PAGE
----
Hinting that language skills will soon become a must for getting citizenship, Canadian Immigration Minister Jason Kenney Friday said immigrants should either learn English or French, or face denial of citizenship.
Speaking at an immigration conference in Calgary, the minister said new immigrants must have to learn one of the two official languages (English and French) to integrate into Canada society.
Giving an example of how immigrants are not making efforts to learn any of the two official languages, the minister cited his experiences during his visit to India in January. He said when he attended a few immigration interviews in Delhi, he was surprised to find a woman who had been a Canadian citizen for 12 years but had no knowledge of English.
"This woman was sponsoring a spouse to come to Canada...It made me wonder - is this an isolated example? Regrettably, I don't think it's isolated enough,'' the minister said.
The minister emphasized that the immigration system needs to be overhauled to make learning of official languages mandatory for those seeking to become citizens of this country.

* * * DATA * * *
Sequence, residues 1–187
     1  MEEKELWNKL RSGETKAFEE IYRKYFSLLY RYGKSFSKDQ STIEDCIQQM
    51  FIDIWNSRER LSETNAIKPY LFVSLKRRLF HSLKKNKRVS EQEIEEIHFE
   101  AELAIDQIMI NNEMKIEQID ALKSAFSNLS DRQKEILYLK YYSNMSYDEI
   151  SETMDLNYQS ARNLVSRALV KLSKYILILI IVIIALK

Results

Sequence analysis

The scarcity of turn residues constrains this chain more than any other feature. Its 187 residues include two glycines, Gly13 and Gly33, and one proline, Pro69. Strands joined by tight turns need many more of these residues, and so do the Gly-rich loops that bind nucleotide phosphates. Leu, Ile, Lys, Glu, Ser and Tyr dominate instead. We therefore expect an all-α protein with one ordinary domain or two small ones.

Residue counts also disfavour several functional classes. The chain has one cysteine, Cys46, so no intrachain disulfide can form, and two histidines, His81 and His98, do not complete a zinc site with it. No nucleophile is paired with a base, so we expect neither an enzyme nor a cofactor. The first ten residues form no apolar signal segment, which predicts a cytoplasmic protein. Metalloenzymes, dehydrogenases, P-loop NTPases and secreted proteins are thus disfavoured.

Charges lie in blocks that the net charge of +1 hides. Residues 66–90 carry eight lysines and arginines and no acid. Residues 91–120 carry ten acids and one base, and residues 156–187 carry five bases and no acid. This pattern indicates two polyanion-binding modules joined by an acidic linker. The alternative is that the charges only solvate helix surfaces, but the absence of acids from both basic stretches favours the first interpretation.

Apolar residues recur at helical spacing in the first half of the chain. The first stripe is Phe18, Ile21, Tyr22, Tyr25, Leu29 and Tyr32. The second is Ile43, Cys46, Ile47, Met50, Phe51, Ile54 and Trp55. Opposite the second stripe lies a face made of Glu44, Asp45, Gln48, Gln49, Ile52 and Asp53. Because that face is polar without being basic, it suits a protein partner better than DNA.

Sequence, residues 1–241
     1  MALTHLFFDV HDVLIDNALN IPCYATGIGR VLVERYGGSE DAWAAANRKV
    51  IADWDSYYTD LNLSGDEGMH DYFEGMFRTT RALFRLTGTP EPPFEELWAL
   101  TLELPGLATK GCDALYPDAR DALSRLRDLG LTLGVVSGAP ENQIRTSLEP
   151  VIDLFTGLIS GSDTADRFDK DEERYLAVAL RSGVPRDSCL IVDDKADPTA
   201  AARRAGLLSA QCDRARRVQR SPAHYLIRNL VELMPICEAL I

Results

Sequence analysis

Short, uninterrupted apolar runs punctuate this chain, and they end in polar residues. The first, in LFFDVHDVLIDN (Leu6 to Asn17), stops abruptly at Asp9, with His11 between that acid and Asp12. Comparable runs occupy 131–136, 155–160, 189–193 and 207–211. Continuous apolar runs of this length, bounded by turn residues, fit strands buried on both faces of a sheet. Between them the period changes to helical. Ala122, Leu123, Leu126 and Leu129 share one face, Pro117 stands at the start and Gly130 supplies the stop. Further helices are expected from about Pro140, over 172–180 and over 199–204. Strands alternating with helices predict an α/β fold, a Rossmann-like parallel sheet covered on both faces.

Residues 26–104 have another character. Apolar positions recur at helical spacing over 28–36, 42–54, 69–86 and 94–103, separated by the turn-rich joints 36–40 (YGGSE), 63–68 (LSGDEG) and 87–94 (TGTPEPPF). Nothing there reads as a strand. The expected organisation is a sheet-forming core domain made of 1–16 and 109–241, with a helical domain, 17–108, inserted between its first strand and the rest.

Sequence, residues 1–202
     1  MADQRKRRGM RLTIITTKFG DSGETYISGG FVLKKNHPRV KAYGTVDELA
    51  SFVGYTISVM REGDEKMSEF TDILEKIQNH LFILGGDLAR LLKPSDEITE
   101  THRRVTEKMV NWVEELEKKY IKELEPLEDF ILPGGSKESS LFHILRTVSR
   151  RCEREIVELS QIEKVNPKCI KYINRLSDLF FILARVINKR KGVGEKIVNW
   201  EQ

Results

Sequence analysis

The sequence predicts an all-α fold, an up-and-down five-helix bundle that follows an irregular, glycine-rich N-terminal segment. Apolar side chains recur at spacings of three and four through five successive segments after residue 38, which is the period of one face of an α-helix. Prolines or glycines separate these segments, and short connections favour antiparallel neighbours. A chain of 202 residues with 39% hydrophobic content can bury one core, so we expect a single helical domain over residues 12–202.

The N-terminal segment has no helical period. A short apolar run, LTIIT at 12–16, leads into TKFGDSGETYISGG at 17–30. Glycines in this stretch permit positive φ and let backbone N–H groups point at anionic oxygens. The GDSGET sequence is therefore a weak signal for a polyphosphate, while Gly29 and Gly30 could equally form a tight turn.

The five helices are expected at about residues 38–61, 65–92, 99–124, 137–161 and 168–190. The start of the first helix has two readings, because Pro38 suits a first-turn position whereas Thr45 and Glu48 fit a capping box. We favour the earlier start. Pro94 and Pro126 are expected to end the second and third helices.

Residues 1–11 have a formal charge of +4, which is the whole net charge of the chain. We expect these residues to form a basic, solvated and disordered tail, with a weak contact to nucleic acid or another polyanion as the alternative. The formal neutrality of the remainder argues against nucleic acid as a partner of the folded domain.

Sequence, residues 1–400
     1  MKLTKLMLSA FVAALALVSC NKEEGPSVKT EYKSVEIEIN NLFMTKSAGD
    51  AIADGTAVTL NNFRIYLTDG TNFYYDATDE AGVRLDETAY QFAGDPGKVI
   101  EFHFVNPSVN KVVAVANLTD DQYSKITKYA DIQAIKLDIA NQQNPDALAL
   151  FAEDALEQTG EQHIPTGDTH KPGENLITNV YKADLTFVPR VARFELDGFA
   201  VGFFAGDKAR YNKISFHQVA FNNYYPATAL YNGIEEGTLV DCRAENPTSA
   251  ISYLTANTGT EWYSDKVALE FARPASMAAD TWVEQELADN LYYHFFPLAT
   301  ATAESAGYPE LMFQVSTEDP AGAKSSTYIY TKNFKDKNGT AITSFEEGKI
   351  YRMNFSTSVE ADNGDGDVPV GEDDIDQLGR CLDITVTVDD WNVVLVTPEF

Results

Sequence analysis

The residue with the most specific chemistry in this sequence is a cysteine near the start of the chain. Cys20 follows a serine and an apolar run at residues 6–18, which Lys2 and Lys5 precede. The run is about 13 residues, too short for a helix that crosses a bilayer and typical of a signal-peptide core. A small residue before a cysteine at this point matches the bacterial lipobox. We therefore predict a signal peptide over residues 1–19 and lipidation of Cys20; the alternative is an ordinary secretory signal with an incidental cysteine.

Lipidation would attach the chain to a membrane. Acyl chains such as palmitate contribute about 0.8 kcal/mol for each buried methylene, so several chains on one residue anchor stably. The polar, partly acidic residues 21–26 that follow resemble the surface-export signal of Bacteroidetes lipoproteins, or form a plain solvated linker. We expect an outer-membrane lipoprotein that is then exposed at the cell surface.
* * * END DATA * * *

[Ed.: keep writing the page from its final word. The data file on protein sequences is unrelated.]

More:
"In terms of the citizenship, if you can't complete the test in one of those two languages, you are not supposed to become a citizen, which I don't think is harsh.
"It is just basically saying go back and study more and come back to us when you can get by in one of those languages,'' the minister said at the conference.
Of the about 250,000 new immigrants into Canada each year, more than 66,000 were admitted in the family category where language skills are not mandatory.
This has led to huge investment in government programmes to impart language skills to these people so that compete and integrate in Canadian society. The immigration minister said new immigrants without language skills lack basic competence to compete.
He also recalled citizenship judges telling him that they frequently give oath of citizenship to people who have no language skills to compete in their adopted society.
Last year, the current Conservative government tightened the immigration system by passing a law to give the immigration minister discretionary powers to decide how many immigrants to admit each year or whom to deny entry.
Currently, more than 35,000 Indians admitted into Canada each year, making India the second largest source - after China - of immigration for Canada.